In August of 2002, Amanda Moore, a lawyer for the Appalachian Citizens Law Center, took on what she thought was a cut-and-dried legal matter for Granville Lee Burke, a resident of Chopping Branch Hollow in eastern Kentucky. Earlier that year, a flood that wreaked havoc throughout the hollow had severely damaged Burke’s house and toolshed. Like almost everyone in the hollow, Burke blamed Premier Elkhorn Coal Company for the flood. Beginning in the mid-1990s, the company had conducted mountaintop-removal mining, blasting the tops off of ridges and dumping the unwanted tons of rock and dirt toward the headwaters of Chopping Branch Creek, leaving a 500-foot valley fill towering above the hollow. Below was a pond designed to catch the water coming off of the huge treeless fill — a design that failed in the flood.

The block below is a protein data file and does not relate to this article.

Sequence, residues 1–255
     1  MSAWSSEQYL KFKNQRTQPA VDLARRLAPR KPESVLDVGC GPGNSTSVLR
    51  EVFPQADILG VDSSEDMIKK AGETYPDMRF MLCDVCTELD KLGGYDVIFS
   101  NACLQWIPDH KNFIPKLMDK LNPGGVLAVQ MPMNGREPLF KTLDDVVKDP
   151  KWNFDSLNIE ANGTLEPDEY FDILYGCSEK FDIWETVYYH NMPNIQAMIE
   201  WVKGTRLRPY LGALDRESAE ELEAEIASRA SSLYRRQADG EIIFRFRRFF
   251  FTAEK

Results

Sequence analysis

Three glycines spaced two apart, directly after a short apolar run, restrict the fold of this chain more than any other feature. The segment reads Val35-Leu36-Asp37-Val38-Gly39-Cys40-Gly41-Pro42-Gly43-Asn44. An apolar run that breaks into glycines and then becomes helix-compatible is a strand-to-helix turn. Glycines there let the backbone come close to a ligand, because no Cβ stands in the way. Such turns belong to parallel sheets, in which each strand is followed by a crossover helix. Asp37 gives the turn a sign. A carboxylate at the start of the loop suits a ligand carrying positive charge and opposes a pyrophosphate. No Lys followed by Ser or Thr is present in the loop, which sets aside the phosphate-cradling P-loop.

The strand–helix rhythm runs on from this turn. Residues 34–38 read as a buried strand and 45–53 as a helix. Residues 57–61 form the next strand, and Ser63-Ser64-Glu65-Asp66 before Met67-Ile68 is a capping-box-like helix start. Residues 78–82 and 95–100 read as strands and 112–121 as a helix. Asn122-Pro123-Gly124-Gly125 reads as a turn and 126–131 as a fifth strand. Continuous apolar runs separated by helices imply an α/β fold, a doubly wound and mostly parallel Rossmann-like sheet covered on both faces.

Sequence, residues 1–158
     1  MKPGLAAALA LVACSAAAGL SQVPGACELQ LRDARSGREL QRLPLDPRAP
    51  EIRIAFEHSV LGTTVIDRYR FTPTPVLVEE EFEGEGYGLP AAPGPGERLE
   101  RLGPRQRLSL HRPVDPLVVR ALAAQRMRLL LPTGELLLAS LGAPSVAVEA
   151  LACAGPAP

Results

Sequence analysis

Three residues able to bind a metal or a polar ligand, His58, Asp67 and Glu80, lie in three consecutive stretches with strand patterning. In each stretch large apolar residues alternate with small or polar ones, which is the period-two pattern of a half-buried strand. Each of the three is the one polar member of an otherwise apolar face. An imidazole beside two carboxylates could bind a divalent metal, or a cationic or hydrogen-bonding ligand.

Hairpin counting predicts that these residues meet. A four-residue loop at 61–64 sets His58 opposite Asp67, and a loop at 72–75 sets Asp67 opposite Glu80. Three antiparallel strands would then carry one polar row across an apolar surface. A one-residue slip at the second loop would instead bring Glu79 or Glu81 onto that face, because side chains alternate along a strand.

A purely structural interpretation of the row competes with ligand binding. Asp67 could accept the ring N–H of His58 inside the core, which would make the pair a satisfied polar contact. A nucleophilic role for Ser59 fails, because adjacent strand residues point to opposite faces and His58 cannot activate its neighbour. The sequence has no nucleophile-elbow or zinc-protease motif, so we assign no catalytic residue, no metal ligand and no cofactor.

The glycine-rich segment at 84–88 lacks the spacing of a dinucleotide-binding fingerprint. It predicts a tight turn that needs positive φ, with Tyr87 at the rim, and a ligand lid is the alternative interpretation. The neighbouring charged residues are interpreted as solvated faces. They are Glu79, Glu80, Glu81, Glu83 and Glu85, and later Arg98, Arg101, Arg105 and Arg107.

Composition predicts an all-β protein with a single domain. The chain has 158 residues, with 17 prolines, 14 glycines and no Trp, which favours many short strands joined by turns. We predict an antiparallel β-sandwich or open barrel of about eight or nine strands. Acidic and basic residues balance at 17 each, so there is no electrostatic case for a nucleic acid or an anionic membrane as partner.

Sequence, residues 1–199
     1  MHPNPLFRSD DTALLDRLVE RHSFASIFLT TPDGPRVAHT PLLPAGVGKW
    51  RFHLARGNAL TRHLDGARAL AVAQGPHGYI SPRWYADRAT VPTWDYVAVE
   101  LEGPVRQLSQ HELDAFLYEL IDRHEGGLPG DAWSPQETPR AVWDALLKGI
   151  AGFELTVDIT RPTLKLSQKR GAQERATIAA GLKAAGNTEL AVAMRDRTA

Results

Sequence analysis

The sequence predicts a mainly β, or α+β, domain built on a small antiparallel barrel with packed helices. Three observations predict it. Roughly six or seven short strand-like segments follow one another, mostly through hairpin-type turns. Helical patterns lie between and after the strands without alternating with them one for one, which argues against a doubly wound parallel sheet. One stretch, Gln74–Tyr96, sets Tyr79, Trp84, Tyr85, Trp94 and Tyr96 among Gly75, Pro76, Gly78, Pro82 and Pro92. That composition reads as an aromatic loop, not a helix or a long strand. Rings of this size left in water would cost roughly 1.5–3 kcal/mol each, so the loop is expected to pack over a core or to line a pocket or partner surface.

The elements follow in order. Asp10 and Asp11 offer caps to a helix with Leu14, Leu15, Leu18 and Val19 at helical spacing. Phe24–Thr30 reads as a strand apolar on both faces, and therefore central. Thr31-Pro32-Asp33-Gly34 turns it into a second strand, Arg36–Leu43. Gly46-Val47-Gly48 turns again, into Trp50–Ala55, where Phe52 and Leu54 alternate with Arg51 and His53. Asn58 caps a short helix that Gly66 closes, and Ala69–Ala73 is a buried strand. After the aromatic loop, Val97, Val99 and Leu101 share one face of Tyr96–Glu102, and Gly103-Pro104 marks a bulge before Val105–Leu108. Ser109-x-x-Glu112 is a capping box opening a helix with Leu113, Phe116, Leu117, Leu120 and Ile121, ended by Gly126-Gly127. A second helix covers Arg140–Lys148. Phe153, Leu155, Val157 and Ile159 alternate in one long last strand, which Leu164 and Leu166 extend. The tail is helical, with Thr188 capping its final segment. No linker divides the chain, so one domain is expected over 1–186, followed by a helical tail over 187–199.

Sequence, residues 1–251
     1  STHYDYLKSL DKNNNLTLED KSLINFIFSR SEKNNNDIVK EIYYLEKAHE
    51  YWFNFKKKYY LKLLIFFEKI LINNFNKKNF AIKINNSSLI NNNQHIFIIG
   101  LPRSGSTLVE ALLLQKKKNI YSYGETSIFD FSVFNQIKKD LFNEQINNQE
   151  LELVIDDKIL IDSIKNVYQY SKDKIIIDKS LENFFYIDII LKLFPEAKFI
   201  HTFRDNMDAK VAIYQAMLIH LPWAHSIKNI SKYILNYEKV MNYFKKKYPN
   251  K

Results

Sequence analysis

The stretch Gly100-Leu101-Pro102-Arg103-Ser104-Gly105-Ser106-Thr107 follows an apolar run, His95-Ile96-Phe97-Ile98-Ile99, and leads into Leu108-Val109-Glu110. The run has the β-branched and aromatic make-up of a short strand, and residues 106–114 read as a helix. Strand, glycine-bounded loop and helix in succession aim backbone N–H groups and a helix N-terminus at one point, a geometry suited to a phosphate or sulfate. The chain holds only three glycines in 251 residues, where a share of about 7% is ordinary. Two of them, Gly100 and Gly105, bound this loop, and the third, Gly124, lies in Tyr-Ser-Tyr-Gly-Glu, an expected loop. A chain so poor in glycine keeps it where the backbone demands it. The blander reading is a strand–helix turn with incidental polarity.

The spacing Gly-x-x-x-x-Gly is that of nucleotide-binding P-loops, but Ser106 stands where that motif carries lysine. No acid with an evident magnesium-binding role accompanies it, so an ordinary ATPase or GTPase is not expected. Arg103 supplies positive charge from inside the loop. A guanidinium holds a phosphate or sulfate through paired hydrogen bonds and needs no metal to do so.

The following is Moore’s account of battling the company to reimburse Burke for his $2,000 home; it’s excerpted from an essay in the book Missing Mountains: We Went to the Mountaintop but It Wasn’t There, a collection of writings by 35 Kentuckians ... Read more